ACT euthanasia bill: 5 ways it is worse than the others

We always expected the ACT would have the worst legislation in Australia. The release of the text of the Voluntary Assisted Dying Bill 2023 (Bill) confirms this to be true.

Here are five ways in which the Bill is worse than most other Australian jurisdictions.

It has the lowest threshold for eligibility

All other states in Australia require that a person has been given either 6 or 12 months to live before they are eligible for euthanasia or assisted suicide. The ACT proposes to do away with this requirement. As long as a condition will ultimately cause a person’s death, even if it is many years into the future, they will be eligible for lethal drugs. 

What’s more, the eligibility criteria specifically mention mental suffering as being sufficient for access (no physical suffering is required) and notes that this could be related to anticipated suffering or complications, rather than any that are actually existing.

It has the lowest threshold for decision-making capacity

The Bill specifies that a person should not be refused eligibility for euthanasia and assisted suicide for a lack of decision-making capacity unless “all practicable steps to support them to make decisions have been taken.” Notably, there is no requirement to give them “all practicable steps” to access palliative care or other support.

The Bill also states that just because a person does not have decision-making capacity for another decision (for example, in relation to their financial affairs or other decision), does not mean they do not have decision-making capacity to ask for lethal drugs.

If that wasn’t enough, the Bill also says that if a person moves between periods of having and not having decision-making capacity, they should be given the opportunity to make a decision when they have capacity.

All of these point to a lowering of the bar for medical consent and risk a person making a decision when they have limited capacity to understand what is going on.

There is a penalty for trying to coerce someone away from death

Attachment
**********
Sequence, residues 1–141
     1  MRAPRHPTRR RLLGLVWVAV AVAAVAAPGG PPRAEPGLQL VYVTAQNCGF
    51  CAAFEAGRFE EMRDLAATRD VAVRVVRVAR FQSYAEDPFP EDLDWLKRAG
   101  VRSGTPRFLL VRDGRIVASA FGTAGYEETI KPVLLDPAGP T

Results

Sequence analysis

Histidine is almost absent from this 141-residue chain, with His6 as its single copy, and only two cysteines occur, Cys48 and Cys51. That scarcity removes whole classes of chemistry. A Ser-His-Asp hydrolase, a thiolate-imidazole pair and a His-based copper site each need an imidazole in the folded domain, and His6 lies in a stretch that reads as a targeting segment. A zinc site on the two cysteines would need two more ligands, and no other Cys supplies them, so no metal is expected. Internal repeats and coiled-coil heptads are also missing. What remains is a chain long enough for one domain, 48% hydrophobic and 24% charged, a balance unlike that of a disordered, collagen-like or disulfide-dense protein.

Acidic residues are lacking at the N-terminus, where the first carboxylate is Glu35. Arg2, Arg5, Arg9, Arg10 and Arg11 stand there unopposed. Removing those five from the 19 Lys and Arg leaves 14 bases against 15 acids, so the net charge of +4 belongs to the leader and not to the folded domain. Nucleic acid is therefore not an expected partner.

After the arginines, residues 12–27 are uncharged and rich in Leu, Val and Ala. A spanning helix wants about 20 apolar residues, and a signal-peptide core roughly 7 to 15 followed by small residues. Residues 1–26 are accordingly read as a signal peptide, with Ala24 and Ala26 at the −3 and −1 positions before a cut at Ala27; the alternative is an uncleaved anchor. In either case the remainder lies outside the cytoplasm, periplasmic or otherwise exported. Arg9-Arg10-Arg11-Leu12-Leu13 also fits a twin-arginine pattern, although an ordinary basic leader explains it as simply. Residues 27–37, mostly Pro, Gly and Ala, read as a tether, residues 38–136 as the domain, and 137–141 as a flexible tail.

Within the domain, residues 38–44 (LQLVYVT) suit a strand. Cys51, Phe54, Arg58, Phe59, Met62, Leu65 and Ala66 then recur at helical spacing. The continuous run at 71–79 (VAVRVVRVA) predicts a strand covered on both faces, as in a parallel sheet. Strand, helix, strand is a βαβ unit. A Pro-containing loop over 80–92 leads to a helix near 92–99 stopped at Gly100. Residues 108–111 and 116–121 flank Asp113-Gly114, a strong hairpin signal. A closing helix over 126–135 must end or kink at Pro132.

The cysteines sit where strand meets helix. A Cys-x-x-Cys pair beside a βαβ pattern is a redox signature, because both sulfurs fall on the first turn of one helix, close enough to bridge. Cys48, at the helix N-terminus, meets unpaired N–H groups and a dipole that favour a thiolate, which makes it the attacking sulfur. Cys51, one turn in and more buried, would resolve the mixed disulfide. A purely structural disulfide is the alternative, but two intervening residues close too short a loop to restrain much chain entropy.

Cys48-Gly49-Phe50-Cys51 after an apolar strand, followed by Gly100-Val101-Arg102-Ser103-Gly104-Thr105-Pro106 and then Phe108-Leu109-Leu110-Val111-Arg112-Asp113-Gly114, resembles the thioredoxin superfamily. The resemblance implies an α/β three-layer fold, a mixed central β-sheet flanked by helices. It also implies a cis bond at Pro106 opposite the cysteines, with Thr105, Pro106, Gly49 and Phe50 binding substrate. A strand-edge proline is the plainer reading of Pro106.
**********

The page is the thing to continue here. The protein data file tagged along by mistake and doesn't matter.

Like other states, the Bill includes a penalty for coercing a person towards euthanasia and assisted suicide.

Unlike most other states, however, it also includes a penalty for coercing someone to revoking their request for euthanasia or assisted suicide. A person, including a close friend, family member, or religious or spiritual advisor who tries hard to persuade their loved one away from choosing death could face a penalty of up to $11,000 if such behaviour was deemed to be coercive. The only state that is worse than this is Queensland, which alarmingly threatens up to 7 years imprisonment for the same.

There are no eligibility requirements for medical practitioners listed

Other states require coordinating and consulting practitioners to have minimum eligibility requirements before they are allowed to sign off on a person’s death. Victoria requires at least one of the practitioners to be a specialist in the illness suffered by the patient; other states require any specialist or general registration, with five or ten years experience; and all require additional training to be undertaken.

The ACT has not put any minimum requirements in the Bill, but leaves that to regulations that will be put in place following passage of the legislation. This means that it is open to the regulations having even junior doctors with no experience in terminal illnesses being permitted to approve a patient’s request for death.

Institutions that object to euthanasia face penalties for not allowing access

Only Queensland, South Australia and New South Wales require institutions to allow euthanasia and assisted suicide on their premises, while Victoria, Western Australia and Tasmania allow institutions to opt out completely.

Like Queensland, South Australia and New South Wales, the ACT will seek to require care facilities to allow every stage of the euthanasia and assisted suicide on site, even if the facility itself objects.

Where the ACT differs, however, is that it imposes a penalty of up to $11,000 to those institutions that do not allow reasonable access to those who want to enter the facility for the purpose of engaging in the process. Notably, this penalty is much higher than the penalties for non-compliance with most other aspects of the euthanasia process.

It is clear that the ACT isn’t interested in going down the path of other jurisdictions, which is to introduce ‘conservative’ legislation and then push to have the safeguards removed. The ACT government is instead removing the veneer of limiting the scope of this Bill and starting with far fewer safeguards. It is a dangerous move.